British long jumper and Olympic hopeful Daniel Bramble was forced to put his Olympic dreams on hold this summer, switching the sandpit for an Amazon Delivery van to fund his career.
With an Olympic qualification or the end of his career seeming equally possible, Bramble knew he had to take matters into his own hands. “There has always been that internal drive telling me not to quit, even if on the surface I think I want to.” said Bramble.
— Daniel Bramble (@Dbrambs_LJ) September 16, 2019
In 2016, Bramble faced funding cuts from both British Athletics and Nike after falling short of Olympic qualification by just one centimetre.
This year, his income was cut further as competitions were cancelled due to the COVID-19 outbreak, leaving Bramble in desperate need for money and fast.
“Those around me who didn’t have to stop and work, had an extra year just to train, I went back a year. That felt embarrassing.”
“At the start I was definitely naïve, I thought I could do the hours [9am-10pm most days] and then train but with the lack of funding and my national governing body not believing in me, I was really beating myself up.”
Many British athletes fall victim to the cutthroat nature of elite sport, but Bramble was determined to fight for survival by any means necessary.
“Being an athlete in a solitary sport like athletics you don’t have a team around you, you’re used to fending for yourself. But I put my pride to one side and set up a GoFundMe page.”
To Bramble’s amazement, complete strangers started to hear about his story and the donations started to pour in.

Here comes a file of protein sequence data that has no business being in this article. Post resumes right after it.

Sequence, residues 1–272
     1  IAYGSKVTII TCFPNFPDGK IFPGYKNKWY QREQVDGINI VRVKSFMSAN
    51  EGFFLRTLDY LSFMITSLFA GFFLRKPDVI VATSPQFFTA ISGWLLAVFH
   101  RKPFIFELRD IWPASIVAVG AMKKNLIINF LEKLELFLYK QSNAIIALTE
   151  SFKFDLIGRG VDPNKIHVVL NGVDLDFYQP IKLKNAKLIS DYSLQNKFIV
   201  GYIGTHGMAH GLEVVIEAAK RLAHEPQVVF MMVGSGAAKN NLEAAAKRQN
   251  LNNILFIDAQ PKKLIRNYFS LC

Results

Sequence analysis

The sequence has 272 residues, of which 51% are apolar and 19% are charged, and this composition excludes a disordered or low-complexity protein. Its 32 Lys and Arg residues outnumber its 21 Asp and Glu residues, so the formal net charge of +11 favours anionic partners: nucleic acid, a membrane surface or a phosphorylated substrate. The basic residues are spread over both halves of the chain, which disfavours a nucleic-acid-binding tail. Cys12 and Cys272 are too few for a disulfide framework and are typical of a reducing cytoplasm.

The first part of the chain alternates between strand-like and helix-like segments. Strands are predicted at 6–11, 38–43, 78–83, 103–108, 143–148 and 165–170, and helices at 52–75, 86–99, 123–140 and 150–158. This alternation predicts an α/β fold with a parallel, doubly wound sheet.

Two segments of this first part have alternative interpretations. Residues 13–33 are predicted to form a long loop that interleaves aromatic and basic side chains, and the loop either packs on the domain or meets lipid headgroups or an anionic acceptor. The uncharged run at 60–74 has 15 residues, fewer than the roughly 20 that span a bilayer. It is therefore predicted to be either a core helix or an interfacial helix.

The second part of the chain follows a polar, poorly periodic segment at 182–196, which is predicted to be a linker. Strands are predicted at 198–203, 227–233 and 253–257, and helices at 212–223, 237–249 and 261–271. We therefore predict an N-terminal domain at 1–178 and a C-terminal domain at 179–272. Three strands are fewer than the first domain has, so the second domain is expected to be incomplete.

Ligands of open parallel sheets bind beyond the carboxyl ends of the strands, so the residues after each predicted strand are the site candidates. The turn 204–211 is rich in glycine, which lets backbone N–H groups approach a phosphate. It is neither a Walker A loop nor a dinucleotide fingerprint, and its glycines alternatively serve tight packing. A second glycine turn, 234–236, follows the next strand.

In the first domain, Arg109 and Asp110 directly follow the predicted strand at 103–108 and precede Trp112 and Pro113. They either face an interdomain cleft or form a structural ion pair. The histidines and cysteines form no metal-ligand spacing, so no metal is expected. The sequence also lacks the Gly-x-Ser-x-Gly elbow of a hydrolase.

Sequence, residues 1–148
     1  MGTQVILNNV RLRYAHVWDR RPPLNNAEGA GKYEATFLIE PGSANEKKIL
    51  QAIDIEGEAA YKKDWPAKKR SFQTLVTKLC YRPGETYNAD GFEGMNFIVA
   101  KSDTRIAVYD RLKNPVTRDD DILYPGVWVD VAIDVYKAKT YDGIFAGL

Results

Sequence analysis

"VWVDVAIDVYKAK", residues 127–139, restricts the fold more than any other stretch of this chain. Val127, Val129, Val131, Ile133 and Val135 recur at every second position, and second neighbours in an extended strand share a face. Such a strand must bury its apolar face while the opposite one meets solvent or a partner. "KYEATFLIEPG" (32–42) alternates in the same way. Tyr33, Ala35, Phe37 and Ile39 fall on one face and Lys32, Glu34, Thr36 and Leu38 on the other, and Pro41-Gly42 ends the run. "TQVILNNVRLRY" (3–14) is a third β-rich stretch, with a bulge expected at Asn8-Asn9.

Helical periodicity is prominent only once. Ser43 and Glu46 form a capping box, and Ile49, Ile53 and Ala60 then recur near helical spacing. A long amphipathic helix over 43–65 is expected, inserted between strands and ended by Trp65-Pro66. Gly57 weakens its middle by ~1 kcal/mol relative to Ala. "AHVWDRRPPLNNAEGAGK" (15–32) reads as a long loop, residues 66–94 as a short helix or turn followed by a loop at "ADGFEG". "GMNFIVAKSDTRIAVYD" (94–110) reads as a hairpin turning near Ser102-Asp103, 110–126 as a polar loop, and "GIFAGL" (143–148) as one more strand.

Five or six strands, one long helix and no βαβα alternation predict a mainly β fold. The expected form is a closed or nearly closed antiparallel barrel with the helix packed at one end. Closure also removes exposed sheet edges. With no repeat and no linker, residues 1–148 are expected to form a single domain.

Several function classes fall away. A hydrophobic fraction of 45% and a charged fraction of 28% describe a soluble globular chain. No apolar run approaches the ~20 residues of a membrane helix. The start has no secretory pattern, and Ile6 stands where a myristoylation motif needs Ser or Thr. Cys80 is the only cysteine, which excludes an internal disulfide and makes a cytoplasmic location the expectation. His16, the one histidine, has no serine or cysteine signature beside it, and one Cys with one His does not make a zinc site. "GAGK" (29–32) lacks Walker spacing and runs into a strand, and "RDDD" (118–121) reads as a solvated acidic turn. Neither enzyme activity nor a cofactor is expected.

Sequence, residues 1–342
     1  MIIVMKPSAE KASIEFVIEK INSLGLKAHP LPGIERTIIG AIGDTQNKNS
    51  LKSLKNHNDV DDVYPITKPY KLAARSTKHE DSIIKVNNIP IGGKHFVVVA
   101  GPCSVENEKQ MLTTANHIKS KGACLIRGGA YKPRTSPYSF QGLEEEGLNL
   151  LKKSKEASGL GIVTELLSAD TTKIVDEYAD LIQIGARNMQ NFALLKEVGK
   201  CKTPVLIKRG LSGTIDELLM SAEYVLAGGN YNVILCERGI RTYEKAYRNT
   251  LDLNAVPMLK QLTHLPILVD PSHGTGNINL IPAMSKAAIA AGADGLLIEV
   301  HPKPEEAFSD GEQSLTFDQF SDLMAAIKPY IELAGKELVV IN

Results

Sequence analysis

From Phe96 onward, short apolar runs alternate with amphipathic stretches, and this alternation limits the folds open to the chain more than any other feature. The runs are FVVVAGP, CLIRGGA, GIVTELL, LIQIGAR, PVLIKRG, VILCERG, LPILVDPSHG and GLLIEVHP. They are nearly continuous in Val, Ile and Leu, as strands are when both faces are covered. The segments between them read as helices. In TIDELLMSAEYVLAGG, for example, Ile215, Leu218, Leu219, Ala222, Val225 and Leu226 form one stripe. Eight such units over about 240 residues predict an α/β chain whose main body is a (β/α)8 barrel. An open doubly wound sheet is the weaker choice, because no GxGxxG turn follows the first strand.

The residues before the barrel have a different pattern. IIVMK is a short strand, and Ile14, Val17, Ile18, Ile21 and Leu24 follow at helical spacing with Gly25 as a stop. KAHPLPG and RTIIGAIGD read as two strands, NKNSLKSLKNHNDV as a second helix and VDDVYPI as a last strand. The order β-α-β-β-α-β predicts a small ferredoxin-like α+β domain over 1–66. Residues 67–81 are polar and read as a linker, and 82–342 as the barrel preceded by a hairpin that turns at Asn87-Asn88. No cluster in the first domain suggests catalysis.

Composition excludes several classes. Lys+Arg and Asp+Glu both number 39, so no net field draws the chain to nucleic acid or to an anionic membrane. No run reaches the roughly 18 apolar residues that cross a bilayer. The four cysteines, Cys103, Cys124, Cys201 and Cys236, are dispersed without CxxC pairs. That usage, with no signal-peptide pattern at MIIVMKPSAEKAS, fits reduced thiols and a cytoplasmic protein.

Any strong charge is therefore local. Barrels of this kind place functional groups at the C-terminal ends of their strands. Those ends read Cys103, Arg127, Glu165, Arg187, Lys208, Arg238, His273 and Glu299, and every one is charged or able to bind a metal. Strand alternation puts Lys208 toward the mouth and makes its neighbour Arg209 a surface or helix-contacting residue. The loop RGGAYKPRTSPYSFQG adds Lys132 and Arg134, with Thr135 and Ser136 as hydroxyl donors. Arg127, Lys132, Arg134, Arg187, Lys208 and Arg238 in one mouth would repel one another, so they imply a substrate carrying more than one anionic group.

Then, just days after his birthday, the notification came: Gymshark Ltd, £8,875. A direct message on Twitter confirmed the news:
“I didn’t even want to send the tweet. During lockdown I’ve been really quiet on social media; I just felt really embarrassed about having to get a real job to fund my training.”
With Bramble’s target of £12,000 now secured, new training opportunities have followed as the Olympics grow closer. “These donations have honestly gone such a long way, from small things like food but also physio and training camps that I can now afford.”
All the donations, from the seemingly small to the large, have shown that people’s generosity can be the difference in achieving a dream. “It was amazing to see complete strangers believing in me and donating. It still gives me goosebumps; they don’t even know me, but they want to invest in my journey.”
Now three weeks into winter training, Bramble feels back where he belongs. “The whole of 2020 felt like a year with no purpose, a year full of goals just taken away.”
With his aims firmly set, training going well, and the support and generosity of so many backing him to succeed, Bramble is back on the “Road to Tokyo”.